The extraordinary manhunt for Dorner, suspected of three murders, had converged on a mountain cabin where he was believed to have barricaded himself inside, engaged in a shootout that killed a deputy, and then never emerged as the home went up in flames.
A single gunshot was heard from within.
If the man inside proves to be Christopher Dorner, the search for the most wanted man in America over the last week would have ended the way he had expected - in death, with the police pursuing him.
Thousands of officers had been on the hunt for the former Navy reservist since police said he launched a campaign to exact revenge against the Los Angeles Police Department for his firing. They say he threatened to bring "warfare" to officers and their families, spreading fear and setting off a search for him across the Southwest and Mexico.
"Enough is enough. It's time for you to turn yourself in. It's time to stop the bloodshed," LAPD Commander Andrew Smith said at a news conference held outside police headquarters in Los Angeles, a starkly different atmosphere than last week when officials briefed the news media under tight security with Dorner on the loose.
A short time after Smith spoke Tuesday, smoke began to rise from the cabin in the snow-covered woods near Big Bear Lake, a resort town about 80 miles east of Los Angeles.
Flames then engulfed the building - images that were broadcast on live television around the world. TV helicopters showed the fire burning freely with no apparent effort to extinguish it.
Until Tuesday, authorities didn't know whether Dorner was still near Big Bear Lake, where they found his burned-out pickup last week.
Around 12:20 p.m. local time Tuesday, deputies got a report of a stolen pickup truck, authorities said. The location was directly across the street from where law enforcement had set up its command post on Thursday and not far from where Dorner's pickup was abandoned. The owner of the vehicle taken Tuesday described the suspect as looking similar to Dorner.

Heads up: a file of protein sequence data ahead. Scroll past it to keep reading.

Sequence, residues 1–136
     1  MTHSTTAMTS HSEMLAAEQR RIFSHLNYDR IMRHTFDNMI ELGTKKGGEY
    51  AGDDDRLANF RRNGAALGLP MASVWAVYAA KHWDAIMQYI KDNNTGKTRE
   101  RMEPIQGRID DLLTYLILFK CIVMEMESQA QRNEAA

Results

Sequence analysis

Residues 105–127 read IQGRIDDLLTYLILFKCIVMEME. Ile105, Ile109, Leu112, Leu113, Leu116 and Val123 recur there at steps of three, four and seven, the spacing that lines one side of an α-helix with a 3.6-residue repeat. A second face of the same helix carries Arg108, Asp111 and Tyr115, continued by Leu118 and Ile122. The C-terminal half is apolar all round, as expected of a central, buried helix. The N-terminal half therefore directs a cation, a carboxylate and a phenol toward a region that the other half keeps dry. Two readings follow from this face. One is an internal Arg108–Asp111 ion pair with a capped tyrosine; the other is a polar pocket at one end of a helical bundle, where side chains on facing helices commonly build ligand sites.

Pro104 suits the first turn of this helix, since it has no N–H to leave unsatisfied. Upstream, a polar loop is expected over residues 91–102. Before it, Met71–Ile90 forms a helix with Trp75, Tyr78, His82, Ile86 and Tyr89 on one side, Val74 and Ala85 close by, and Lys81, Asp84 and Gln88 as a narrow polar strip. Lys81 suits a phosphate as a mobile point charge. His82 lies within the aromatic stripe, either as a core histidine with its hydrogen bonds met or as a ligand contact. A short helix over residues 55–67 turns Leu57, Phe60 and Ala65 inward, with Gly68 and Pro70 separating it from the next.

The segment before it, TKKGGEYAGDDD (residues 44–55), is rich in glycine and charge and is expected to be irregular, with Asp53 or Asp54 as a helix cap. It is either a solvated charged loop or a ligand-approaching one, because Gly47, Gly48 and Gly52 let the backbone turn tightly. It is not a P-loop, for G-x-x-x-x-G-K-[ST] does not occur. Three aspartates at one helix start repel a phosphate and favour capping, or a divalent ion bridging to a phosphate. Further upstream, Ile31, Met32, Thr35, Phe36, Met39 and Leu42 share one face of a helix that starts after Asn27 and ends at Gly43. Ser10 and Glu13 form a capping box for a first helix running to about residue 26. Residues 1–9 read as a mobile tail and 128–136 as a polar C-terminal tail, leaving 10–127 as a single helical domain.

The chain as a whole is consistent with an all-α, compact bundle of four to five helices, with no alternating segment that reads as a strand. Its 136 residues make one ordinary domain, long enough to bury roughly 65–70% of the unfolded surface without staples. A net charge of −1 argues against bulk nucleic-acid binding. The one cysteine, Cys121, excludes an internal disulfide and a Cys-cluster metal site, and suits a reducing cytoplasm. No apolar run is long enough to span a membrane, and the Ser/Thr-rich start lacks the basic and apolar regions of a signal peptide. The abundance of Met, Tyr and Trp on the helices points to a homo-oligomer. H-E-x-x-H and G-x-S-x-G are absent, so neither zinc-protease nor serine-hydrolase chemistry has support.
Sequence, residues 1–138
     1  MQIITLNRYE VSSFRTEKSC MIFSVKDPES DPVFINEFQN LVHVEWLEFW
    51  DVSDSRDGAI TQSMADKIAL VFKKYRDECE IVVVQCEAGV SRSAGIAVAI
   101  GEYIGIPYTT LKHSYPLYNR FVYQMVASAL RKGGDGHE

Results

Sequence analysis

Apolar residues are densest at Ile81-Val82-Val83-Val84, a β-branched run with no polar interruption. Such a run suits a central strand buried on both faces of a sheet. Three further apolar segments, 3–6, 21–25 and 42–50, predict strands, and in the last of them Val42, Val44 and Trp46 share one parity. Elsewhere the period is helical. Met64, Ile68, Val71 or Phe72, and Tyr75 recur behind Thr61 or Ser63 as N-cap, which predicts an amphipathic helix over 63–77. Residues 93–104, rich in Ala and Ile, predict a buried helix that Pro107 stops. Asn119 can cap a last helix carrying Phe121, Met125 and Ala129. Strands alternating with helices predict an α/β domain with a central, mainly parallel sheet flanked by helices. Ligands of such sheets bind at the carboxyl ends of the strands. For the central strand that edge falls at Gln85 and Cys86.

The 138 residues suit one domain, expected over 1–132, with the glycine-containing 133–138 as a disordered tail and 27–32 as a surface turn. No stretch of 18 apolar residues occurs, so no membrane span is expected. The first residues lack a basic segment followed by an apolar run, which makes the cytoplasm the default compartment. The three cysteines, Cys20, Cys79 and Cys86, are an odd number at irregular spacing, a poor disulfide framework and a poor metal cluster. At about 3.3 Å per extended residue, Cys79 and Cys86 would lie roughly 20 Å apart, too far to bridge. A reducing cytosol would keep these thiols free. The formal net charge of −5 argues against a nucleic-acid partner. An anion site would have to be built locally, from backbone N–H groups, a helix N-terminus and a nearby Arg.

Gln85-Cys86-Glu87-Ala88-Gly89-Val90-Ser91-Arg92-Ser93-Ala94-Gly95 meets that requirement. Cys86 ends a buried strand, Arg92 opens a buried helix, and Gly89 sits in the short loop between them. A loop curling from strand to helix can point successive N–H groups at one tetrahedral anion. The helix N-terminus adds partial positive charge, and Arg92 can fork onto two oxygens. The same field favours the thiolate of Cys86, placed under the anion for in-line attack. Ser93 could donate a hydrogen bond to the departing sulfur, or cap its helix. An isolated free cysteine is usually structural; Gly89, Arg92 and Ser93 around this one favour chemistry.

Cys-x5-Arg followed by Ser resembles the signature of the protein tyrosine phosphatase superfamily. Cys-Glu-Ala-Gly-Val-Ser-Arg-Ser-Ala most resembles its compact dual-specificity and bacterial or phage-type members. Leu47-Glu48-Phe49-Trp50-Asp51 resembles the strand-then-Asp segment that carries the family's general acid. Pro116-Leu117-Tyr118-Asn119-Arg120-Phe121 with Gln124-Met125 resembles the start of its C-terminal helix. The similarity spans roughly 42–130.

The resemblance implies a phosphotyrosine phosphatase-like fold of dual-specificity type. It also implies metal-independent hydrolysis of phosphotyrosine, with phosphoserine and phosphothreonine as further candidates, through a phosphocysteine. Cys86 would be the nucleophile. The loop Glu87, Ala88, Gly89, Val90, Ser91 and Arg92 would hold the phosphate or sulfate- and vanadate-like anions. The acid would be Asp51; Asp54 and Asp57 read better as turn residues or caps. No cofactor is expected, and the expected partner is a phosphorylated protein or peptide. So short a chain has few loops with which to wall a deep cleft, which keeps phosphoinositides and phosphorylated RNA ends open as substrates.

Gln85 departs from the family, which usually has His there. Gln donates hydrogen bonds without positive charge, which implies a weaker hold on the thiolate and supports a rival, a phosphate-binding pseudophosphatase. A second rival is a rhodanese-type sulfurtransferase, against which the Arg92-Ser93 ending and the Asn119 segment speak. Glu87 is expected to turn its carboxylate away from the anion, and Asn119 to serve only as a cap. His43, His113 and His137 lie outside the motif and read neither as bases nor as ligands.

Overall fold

A warden for the California Department of Fish and Wildlife traveling down Highway 38 recognized a man who fit Dorner's description traveling in the opposite direction. The officer pursued the vehicle, and there was a shooting in which the wildlife vehicle was hit numerous times and the suspect escaped on foot after crashing his truck.
After holing up in the cabin, there was a second gun battle with San Bernardino County deputies, two of whom were shot. One died and the other was expected to live after undergoing surgery.
"We're heartbroken," Big Bear Lake Mayor Jay Obernolte said of the deputy's death and the wounding of his colleague. "Words can't express how grateful we are for the sacrifice those men have made in defense of the community and our thoughts and prayers are with them and their families."
Police say Dorner began his run on Feb. 6 after they connected the slayings of a former police captain's daughter and her fiance with an angry Facebook rant they said he posted. Threats against the LAPD led officials to assign officers to protect officers and their families.
Within hours of the release of photos of the 6-foot, 270-pound man described as armed and "extremely dangerous," police say, Dorner unsuccessfully tried to steal a boat in San Diego to flee to Mexico and opened fire on two patrol cars in Riverside County, shooting three officers and killing one.